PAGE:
"Do you love me?"
It's just understood. You don't have to omit it but it's fairly common - and now, this is positive feedback - if something is understood and shorter→it will be commonly used→it will be understood even more→...
In general, it's a common thing to drop singular first/second person objects - even indirect objects - when the conjugation allows it (i.e for "engem/téged" it has to be indefinite). "Látsz?" can very well mean "Can you see me?" and not just "Can you see (at all)?" and noone really minds it. "Adom" can mean "I'm giving it to you" with the right context - here, definite conjugation ("adom" instead of "adok") expresses "it" by the way.
Have you ever wondered about "tetszik" for expressing likes? Grammatically, it's like appeal - the thing that you like (subject) appeals to you (indirect object). So, when I say "Tetszik ez a póló." ("I like this t-shirt"), nothing really expresses who likes it - it's just understood that if I make a statement about it, it probably "Tetszik nekem". The same way, if I ask "Tetszik ez a póló?", it's probably not "nekem" since I won't ask myself whether I like that t-shirt - it will be "neked", the most common thing is to ask you.
The same way we know "Why don't we make a cake for him?" is most probably a suggestion and not asking for a reason not to make a cake. :) It's simply based on common usage. (And common usage is probably based on definite-indefinite distinction, which only leaves "me" and "us" as the only meaningful options. And then "me" is simply overwhelmingly more common than "us", statistically.)
Szeretsz? = do you love? , but what is a possible context you would ask someone "do you love?" Do you mean "are you able to love?" (In this case, "Képes vagy szeretni?" is closer in Hungarian. )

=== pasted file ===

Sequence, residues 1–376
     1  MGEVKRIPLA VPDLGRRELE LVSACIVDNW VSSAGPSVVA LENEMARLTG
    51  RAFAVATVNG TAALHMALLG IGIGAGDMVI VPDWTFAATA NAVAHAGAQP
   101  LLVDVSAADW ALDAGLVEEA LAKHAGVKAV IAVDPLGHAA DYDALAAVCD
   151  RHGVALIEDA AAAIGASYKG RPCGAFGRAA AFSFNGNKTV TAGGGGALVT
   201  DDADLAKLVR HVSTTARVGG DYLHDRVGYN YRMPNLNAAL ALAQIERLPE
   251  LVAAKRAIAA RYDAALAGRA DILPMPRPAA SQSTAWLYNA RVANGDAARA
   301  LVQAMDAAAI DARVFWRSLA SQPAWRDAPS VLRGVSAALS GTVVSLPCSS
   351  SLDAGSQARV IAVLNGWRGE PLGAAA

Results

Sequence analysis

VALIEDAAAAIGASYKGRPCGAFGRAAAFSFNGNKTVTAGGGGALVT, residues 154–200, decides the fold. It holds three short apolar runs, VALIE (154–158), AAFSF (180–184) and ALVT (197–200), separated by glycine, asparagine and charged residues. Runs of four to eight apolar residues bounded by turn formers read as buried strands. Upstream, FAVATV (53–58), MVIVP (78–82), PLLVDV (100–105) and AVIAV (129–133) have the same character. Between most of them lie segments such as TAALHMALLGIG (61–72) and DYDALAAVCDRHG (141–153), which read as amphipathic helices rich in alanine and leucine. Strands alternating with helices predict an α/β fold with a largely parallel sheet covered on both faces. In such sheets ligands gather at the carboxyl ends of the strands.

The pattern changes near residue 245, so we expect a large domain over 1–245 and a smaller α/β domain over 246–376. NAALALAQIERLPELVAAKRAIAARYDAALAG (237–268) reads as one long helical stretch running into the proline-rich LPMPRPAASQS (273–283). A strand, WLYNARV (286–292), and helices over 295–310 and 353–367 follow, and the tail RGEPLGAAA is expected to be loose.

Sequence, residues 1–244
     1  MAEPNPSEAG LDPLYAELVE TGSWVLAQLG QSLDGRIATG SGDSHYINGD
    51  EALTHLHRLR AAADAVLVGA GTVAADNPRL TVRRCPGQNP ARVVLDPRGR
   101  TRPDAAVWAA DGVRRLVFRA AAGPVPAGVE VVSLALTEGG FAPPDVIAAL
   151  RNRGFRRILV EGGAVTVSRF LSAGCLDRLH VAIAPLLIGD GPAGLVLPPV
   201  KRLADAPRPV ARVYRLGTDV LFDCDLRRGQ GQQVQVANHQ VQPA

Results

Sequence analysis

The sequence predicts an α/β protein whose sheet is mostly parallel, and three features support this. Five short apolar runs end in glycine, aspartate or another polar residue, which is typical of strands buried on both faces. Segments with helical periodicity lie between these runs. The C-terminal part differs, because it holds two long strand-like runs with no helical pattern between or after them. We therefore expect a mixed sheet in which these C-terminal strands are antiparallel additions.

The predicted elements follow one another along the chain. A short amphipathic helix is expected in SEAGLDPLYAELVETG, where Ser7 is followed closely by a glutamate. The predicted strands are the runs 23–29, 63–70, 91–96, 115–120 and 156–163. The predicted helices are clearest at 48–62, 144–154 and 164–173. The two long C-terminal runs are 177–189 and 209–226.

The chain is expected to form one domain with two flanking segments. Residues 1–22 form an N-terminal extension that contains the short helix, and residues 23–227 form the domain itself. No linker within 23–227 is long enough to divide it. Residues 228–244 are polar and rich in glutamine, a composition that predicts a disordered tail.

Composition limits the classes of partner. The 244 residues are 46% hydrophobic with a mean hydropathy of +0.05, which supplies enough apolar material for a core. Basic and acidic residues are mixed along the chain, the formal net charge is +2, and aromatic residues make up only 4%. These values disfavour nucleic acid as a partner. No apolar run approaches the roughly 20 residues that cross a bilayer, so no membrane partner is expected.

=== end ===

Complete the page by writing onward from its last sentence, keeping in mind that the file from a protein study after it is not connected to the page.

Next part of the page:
With different personal pronouns:
Szeretsz engem? Do you love me?
Szereted őt? Do you love him/her?
Szereted azt/ezt? Do you love it?
Szeretsz minket? Do you love us?
So, if the sentence is Szeretsz? (and an additional pronoun is missing) the possibilities are: Do you love? Do you love me? Do you love us?
Do you love? is not used alone, so the most likely interpretation is Do you love me?
You can test it: Ask a Hungarian person "Szeretsz?". Will they understand it as if you asked "Do you love me?" Yes, definitely they will understand it that way :)
But szeretsz also means "do you like?" I fully accept what you say in terms of a Hungarian understanding the question in the way that you have described and you would know that far better than me. I remain, however, with the possibility of alternative interpretations and this isn't an area where we want to get something dreadfully wrong for fairly obvious reasons. Wouldn't it be safer to ask "Szeretsz engem?" I mean, she might be looking at a cake or a kitten when szeretsz alone is said!